Bryn Kenney Tops All-Time Money List Despite 2nd Place Finish
After three days of intense poker action, the Triton Million – A Helping Hand for Charity event has finally crowned a winner.
China’s Aaron Zang topped a field of 54 players to take down the biggest event in poker history for £13,779,491.
When heads-up play began, Zang set up a deal with runner-up finisher Bryn Kenney who took home the lion’s share of the prize worth £16,890,509.
The massive event attracted some of the world’s richest entrepreneurs and top poker players, including Rick Salmon, Bobby Baldwin, Rob Yong, Paul Phua, Talal Shakerchi, Dan Smith, Stephen Chidwick, Fedor Holz, Jason Koon and Justin Bonomo. The participants put up £1,050,000 to enter, creating an astonishing £54 million in total prize pool, £2.7 million of which goes directly to charity.
Triton Million Final Table Action
Eight players made it to the final table to compete for the largest prize in the history of the game. The final action was marked with monster bluffs and aggressive bets, with Canada’s Timothy Adams becoming the first casualty, finishing in eighth place for £1,400,000.
The next player to hit the rail was Alfred DeCarolis after his ace-three didn’t hold against Stephen Chidwick‘s pocket aces. DeCarolis walked away with £1,720,000 for his seventh place finish. Poker-playing and hedge fund investor Bill Perkins may have started the action as the short stack, but he managed to grind all the way to the sixth spot winning £2,200,000.
After Perkins’ departure, it was India’s Vivek Rajkumar‘s turn to leave after flopping top two against Smith’s overpair. Both players went all in with Rajkumar being the favourite to defeat Smith. But the outcome was the opposite, and Smith picked up an unlikely jack on the river, sending the Indian player to the cashier in fifth place for £3,000,000.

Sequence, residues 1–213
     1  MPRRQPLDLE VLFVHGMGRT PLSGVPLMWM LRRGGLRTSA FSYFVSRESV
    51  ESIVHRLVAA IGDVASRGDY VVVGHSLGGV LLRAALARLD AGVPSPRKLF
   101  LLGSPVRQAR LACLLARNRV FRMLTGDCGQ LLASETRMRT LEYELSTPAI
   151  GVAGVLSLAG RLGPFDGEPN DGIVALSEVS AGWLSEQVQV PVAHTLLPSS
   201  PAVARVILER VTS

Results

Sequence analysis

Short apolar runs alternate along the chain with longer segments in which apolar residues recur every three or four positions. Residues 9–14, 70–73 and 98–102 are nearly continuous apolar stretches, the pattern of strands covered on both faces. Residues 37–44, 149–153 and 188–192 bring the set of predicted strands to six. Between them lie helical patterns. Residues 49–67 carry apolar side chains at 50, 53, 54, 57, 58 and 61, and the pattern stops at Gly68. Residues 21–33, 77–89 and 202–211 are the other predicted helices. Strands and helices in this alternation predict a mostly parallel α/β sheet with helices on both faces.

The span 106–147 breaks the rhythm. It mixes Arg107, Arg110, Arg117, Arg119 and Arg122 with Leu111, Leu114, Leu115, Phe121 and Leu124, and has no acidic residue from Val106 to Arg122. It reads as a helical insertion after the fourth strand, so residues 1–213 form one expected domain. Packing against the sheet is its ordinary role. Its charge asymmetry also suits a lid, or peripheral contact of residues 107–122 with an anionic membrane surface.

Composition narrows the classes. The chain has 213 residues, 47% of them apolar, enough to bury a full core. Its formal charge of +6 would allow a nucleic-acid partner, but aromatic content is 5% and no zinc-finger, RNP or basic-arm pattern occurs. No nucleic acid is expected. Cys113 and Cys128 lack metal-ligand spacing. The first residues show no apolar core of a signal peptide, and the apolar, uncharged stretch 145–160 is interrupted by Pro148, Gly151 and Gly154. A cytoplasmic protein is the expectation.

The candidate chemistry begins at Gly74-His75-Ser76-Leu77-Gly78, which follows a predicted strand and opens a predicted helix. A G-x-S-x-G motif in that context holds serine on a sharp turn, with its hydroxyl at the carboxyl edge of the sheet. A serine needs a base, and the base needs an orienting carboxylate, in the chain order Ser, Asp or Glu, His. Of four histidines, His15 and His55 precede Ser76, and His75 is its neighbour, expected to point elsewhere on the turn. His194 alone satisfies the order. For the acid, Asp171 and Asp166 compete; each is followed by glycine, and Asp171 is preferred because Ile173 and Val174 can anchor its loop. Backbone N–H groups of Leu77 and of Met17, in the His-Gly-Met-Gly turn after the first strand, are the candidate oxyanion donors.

Chidwick would eventually bust in fourth place during four-handed play, losing a classic flip battle against Kenney. Chidwick earned £4,410,000 for his deep run. Kenney was leading the chips with three players remaining, and continued to dominate the play after eliminating Smith in third place for £7,200,000.
Kenney entered heads-up play against Zang with a five-to-one chip advantage, with both players arranging a deal. Zang managed to win the first all-in with a pair of sixes against Kenney’s king-queen. The determining hand took place when Kenny flopped the nut flush draw and check-raised. Zang was brave enough to move all in which Kenny instantly called. Zang then dodged the spades, securing the win.
Kenney may have failed to claim the title, but he walked away with the biggest poker prize in history. He has now knocked Bonomo off the top spot of the All-Time Money List, with total live earnings now sitting at more than $55 million.